(ARLINGTON, Texas) -- A 16-year-old boy is speaking out after he was held at gunpoint and detained by police in what authorities said appears to have been a misunderstanding.
The incident occurred Monday afternoon at an apartment complex in Arlington, Texas, located between Dallas and Fort Worth.
Arlington police say they responded to a report of an armed man standing outside the door of one of the apartments.
A 911 caller told the dispatcher that he looked through his door's peephole and saw a "male at his door wearing a hoodie and holding a firearm that was partially covered by a towel," the Arlington Police Department said in a statement.
"The 911 caller advised that he’d been receiving threats from a person over social media, and the 911 caller believed the person at his door with a firearm was the same person who was making the threat," the department said.
Apartment complex resident Rykeem Johnson, 16, says he was returning home from the pool that afternoon and was on the third floor of the building when two officers responded to the call. He matched the description of the suspect, wearing a hoodie and holding a towel, police said.
"They told me to put some weapon down. I didn't know what they were talking about at first," Johnson told ABC Dallas affiliate WFAA.
The teen said he froze, as officers pointed their firearms up at him from their position on the ground.
"I was very terrified. I was so terrified, I couldn’t move my body," he told the station.
When the teen didn't respond to verbal commands to drop the towel and show his hands, the officers called for backup and the police department's tactical unit responded to the scene, police said.
"He goes gets his rifle and he's pointing it directly at me, I get more scared," Johnson recounted to WFAA. "My body starts to shake, I can't move. My body feels stiff. In my mind, I was like, what should I do?"
The SWAT team was ultimately able to get the teen to show his hands and come down the stairs, and officers detained him, handcuffing him and placing him in a patrol car, police said.
Officers determined the teen was unarmed and was not the person making social media threats to the 911 caller and he was not arrested, police said.
"The only thing they said to me was 'sorry for the misunderstanding. We apologize.' That wasn’t enough for me," Johnson told WFAA. "They had me at gunpoint, scared for my life."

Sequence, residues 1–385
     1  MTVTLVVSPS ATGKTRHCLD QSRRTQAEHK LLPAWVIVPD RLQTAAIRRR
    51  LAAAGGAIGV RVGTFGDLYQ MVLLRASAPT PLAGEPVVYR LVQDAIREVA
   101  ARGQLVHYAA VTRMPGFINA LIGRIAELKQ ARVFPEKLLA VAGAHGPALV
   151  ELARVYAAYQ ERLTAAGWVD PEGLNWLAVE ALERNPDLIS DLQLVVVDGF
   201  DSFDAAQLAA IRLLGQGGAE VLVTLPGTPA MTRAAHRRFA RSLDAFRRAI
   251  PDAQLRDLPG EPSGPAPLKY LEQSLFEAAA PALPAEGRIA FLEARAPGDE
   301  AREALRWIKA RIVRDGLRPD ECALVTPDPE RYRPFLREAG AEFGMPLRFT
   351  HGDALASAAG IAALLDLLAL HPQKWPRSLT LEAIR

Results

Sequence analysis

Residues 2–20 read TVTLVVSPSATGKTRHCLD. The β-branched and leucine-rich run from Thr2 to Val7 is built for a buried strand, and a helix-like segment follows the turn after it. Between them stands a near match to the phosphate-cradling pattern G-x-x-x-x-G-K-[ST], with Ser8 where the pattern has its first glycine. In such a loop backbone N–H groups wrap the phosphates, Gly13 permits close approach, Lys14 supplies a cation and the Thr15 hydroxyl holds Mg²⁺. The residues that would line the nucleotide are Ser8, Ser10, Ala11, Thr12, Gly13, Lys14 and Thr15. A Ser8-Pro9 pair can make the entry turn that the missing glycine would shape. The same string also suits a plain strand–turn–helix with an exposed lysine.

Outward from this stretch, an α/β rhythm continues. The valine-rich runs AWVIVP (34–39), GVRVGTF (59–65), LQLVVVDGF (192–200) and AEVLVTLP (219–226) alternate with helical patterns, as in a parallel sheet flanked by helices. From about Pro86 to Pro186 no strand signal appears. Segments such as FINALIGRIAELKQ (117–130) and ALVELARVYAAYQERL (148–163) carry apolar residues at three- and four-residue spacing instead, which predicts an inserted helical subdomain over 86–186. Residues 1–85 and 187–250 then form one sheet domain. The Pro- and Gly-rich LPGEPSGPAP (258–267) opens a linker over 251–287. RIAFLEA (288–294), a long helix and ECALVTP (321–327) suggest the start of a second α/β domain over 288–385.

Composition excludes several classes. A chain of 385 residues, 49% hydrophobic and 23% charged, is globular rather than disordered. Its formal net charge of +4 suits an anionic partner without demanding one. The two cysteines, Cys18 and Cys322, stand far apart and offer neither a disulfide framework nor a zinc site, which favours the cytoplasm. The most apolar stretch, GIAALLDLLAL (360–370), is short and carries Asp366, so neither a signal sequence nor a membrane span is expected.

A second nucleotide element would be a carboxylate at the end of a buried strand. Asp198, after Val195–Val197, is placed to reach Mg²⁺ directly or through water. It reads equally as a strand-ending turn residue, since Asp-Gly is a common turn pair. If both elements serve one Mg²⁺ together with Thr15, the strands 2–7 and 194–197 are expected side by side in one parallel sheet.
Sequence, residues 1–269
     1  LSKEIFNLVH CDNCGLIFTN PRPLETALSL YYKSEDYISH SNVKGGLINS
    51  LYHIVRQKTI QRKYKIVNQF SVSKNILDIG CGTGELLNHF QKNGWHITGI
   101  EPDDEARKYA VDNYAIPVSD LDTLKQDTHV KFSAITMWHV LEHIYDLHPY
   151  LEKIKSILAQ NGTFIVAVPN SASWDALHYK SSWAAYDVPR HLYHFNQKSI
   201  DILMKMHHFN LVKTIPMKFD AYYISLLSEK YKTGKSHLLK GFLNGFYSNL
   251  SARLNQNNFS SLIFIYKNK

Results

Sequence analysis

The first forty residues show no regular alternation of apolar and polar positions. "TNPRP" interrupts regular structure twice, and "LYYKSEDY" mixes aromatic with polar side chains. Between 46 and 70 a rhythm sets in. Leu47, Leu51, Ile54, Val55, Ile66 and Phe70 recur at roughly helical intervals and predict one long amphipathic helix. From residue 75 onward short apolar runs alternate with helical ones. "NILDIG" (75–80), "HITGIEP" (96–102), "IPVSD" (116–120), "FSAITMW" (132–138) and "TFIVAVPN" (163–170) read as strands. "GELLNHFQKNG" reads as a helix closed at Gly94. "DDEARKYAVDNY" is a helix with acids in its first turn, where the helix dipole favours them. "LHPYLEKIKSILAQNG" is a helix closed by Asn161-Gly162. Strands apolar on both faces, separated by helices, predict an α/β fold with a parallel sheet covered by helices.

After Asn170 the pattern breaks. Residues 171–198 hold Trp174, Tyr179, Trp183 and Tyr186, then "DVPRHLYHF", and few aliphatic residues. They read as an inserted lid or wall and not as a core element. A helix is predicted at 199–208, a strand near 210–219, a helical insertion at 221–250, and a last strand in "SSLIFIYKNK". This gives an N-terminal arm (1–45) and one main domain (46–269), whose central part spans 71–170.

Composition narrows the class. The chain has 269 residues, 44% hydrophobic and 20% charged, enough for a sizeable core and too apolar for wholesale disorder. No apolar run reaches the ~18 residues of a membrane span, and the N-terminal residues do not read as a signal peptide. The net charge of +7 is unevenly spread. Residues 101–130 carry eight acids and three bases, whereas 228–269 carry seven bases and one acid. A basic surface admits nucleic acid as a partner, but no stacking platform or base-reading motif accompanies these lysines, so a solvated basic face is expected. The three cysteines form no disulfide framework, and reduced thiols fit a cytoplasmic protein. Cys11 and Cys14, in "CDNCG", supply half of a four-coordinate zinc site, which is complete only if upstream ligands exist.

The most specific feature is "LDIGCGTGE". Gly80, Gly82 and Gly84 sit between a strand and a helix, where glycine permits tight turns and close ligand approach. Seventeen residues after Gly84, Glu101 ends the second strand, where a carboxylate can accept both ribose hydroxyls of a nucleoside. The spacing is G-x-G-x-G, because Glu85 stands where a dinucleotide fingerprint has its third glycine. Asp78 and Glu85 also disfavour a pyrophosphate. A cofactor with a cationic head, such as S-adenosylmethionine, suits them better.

The teen was released to his older brother and guardian, Relius Johnson, who had rushed home from work after he received a call from an officer advising residents to shelter in place.
Relius Johnson told ABC News he didn't realize at first that his brother was the one being detained by police. He said he spoke to his brother after getting the shelter-in-place call, and that he sounded "panicked." When he got ahold of him again on the phone, his brother "started screaming, 'Save me, they're trying to shoot me,'" Relius Johnson said.
Relius Johnson said he told several officers at the scene that they had the wrong person. Eventually he was able to get a detective to connect with the SWAT commander, he said.
"That's when he got on my phone with my little brother and got him to come down the stairs," he said.
The incident lasted nearly three hours, police said.
Relius Johnson believes the situation could have been over a lot sooner if they had listened to him and his brother, whom he said officers kept calling by a different name.
"He was trying to tell them, try to talk to them," Relius Johnson said. "If they would have listened from the very beginning, that would have been a whole different situation, as well as if they would have listened to me, for about 30, 40 minutes, when I'm trying to tell them that's my little brother."
"If I wouldn't have gotten that call, or if I wouldn't have been there, I think it would have been a totally different outcome," he said. "I would be burying my brother instead of him being here."
Arlington Police Department spokesperson Tim Ciesco told ABC News police are investigating whether the 911 caller mistook the teen for the person threatening him online.
"We don't have any evidence to show that anybody that was trying to harm him was actually there," Ciesco said.
Throughout the response, police also determined there were "consistency issues" with the original 911 caller and "slowed down its actions so that we could be sure that we were proceeding appropriately given the circumstances," the department said. Ciesco could not elaborate on the consistency concerns due to the ongoing investigation.
Members of the police department's command staff have been in direct contact with the family following the incident, Ciesco said.
Relius Johnson said he reached out to the chief and deputy chief to understand "how did this get to where it did." They arranged a call on Wednesday and a sit-down meeting next week during which he hopes to get some questions about the incident answered, including why his brother was considered a suspect.
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